１． LEGAL PROBLEM
Abortion is basically prohibited by the criminal code, but allowed by another law with a catch-all excuse of “economic hardship”. Such hardship is assumed to be below the poverty line, so most women who want abortion do not actually fit into this category. On top of that, the economic indication is not stipulated in the law in the strict sense, but is only mentioned as one of the conditions which might affect the health of the mother. These gaps between the law and the reality make almost all of the abortions legally as well as morally questionable.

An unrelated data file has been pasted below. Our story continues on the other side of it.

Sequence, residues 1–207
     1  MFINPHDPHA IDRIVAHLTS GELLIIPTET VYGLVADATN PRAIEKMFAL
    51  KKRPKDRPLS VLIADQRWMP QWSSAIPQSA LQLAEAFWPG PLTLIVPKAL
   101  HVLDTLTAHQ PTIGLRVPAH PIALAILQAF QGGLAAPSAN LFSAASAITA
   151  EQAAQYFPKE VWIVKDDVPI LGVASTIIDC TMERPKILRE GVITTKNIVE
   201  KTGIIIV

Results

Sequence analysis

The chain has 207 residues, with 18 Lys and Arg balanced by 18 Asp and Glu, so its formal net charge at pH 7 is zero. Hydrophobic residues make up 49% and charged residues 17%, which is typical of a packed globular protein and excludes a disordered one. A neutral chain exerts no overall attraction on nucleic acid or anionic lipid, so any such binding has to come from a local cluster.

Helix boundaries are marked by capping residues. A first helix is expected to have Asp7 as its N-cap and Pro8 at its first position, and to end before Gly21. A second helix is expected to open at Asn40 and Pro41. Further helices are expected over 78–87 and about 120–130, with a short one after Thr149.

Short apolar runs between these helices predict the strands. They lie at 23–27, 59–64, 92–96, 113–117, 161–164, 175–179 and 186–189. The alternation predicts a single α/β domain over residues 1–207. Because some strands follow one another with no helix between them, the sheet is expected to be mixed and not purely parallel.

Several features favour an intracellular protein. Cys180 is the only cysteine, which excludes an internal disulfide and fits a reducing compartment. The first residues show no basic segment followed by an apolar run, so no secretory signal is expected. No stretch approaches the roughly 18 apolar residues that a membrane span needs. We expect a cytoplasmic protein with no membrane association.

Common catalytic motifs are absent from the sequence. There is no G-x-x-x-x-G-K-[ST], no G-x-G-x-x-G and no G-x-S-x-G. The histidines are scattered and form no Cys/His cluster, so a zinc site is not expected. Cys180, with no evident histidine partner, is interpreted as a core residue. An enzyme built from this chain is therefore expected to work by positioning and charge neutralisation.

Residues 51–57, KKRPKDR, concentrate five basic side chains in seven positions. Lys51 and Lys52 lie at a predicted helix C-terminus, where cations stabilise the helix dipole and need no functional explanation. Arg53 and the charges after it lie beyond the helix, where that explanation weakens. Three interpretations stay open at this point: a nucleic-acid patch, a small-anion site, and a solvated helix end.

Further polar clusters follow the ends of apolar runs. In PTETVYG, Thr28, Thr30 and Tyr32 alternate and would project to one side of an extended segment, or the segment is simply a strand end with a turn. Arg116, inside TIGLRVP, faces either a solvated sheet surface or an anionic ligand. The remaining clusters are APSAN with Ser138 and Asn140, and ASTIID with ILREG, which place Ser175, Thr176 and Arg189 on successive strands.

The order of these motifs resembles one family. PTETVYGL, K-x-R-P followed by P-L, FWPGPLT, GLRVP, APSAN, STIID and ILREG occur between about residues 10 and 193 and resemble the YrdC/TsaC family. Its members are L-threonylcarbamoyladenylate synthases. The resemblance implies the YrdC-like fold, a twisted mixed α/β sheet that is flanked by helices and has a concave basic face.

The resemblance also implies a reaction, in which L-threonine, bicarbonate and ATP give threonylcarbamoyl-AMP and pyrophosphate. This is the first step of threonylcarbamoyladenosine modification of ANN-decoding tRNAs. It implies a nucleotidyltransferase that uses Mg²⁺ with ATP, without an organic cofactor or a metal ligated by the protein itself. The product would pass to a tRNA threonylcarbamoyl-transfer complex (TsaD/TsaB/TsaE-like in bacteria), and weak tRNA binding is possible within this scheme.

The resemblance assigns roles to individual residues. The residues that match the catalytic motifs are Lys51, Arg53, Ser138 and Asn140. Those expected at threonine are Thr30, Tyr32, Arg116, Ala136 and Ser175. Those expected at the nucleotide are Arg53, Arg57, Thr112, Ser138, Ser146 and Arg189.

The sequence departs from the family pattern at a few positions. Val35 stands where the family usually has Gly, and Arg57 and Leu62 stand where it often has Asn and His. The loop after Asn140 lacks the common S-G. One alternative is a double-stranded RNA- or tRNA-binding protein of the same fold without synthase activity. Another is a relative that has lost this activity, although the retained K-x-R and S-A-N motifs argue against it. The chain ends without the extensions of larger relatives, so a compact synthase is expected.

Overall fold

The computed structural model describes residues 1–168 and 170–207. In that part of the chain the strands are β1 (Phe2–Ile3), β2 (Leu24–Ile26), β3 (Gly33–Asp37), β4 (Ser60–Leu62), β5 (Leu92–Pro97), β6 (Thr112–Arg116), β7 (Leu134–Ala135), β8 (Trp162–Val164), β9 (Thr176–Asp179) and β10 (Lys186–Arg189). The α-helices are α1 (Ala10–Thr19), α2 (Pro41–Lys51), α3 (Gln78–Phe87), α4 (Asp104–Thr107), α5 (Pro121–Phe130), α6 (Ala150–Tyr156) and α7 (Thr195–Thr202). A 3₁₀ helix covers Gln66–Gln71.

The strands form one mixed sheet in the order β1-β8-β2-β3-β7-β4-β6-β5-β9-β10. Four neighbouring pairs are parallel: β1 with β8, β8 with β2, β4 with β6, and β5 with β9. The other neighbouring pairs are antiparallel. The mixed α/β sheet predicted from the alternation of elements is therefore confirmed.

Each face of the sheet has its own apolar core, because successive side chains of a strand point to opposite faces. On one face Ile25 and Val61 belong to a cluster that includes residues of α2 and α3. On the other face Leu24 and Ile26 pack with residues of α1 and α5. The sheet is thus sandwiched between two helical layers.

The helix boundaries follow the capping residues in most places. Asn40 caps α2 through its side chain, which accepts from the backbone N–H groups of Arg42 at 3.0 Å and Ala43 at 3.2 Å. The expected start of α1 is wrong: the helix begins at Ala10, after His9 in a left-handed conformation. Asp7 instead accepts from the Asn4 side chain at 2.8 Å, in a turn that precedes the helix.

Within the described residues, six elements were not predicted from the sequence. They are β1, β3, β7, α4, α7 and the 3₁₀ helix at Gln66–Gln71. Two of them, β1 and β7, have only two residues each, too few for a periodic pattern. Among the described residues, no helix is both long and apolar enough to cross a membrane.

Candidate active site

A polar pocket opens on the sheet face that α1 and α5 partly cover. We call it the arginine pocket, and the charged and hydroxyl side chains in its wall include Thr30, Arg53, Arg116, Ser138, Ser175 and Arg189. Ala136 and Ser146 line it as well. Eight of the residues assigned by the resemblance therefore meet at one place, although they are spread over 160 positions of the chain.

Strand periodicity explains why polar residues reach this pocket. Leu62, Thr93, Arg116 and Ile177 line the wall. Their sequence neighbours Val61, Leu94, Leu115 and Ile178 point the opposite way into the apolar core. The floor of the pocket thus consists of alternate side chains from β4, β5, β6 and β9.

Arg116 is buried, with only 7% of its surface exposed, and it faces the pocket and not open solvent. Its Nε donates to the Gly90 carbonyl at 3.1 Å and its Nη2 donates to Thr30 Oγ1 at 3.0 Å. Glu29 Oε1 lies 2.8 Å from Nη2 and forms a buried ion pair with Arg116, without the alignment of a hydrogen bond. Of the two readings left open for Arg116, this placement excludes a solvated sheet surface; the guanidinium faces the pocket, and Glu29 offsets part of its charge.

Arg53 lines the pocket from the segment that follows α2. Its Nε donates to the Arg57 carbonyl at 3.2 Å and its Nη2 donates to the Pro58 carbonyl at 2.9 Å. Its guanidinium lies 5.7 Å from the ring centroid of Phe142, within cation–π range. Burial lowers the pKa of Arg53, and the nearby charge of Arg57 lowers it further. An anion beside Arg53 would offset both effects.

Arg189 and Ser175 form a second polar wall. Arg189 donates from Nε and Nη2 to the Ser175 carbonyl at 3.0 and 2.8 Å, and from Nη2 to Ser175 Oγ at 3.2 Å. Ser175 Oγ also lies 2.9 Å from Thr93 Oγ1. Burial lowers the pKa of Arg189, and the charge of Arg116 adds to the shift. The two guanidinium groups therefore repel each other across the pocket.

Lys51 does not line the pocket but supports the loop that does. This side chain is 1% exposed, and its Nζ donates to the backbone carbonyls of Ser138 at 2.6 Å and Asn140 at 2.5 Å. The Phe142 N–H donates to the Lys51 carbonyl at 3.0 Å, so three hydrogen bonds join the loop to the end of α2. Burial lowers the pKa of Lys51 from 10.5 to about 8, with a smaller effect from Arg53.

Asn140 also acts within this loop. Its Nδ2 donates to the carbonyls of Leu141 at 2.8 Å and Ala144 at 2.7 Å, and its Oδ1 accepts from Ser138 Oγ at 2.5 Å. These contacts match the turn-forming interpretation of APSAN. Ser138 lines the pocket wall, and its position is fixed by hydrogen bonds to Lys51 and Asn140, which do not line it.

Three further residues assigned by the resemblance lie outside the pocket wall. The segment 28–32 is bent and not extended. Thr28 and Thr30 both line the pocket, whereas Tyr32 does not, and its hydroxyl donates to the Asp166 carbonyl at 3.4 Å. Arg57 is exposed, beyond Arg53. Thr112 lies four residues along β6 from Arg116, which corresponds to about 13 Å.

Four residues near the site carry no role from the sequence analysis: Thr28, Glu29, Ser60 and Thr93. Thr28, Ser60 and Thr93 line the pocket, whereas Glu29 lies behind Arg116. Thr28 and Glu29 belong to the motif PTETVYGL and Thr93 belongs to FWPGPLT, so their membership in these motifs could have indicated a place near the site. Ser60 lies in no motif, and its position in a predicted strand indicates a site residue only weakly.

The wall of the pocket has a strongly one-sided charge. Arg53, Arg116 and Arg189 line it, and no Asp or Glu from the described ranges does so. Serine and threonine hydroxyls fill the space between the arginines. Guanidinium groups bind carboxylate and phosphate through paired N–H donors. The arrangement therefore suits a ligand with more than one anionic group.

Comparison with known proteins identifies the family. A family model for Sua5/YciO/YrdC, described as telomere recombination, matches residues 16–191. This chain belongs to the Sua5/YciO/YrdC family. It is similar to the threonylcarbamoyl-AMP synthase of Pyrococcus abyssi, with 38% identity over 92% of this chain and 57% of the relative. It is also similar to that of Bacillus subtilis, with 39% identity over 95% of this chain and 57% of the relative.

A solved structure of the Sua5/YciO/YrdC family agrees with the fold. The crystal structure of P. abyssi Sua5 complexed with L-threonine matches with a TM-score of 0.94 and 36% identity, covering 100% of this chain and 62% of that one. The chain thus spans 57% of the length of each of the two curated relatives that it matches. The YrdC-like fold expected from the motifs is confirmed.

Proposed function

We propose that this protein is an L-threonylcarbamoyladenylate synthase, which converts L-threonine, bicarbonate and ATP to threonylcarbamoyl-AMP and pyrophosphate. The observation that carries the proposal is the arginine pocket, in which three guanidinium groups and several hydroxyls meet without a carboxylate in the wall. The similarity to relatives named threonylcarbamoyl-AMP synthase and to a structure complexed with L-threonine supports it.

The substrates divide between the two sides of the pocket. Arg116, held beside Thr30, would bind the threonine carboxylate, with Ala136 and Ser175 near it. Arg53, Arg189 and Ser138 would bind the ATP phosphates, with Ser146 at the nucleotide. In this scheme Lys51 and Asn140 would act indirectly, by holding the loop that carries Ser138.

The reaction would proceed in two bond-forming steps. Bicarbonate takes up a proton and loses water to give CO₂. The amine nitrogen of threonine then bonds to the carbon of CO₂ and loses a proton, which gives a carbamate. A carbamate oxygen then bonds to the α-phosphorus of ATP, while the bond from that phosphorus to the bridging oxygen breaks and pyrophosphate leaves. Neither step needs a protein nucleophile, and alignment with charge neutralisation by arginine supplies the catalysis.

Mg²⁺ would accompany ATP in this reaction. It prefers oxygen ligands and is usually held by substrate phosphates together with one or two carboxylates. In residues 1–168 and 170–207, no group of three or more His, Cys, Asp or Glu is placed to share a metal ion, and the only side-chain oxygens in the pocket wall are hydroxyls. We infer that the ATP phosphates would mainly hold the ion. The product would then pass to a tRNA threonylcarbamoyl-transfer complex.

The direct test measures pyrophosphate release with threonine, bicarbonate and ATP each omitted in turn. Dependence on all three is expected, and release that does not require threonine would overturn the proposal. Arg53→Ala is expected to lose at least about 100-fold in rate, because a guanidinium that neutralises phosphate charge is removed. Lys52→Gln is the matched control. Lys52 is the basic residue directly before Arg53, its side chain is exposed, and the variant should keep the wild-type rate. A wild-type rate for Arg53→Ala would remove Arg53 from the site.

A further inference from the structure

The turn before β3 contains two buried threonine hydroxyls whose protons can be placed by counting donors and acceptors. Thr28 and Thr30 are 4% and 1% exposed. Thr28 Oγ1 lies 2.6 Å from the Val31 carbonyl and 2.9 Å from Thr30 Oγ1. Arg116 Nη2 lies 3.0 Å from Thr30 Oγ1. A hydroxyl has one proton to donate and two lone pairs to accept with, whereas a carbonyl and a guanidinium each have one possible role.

２． MORAL PROBLEM
Abortion is generally regarded as a woman’s sin or as a sign of bad motherhood. Such a stigmatized view is supported by widely-acknowledged and very common rituals for the aborted fetus introduced by some religious leaders since the 1970s.
３． MEDICAL PROBLEM
Abortion care in Japan is low-tech and unfriendly to women. Even now, D&C with general anesthesia is widely used (see the graphs below) without the help of ultrasound. Also, most abortions take place without suitable and dignified counseling or informed consent. Medical abortion is unavailable and no move is seen toward approval of the abortion pill. There is a persistent view that improving abortion care would only please irresponsible women who depend on the procedure, and lead to an increased number of abortions and lessen the population in this aging society.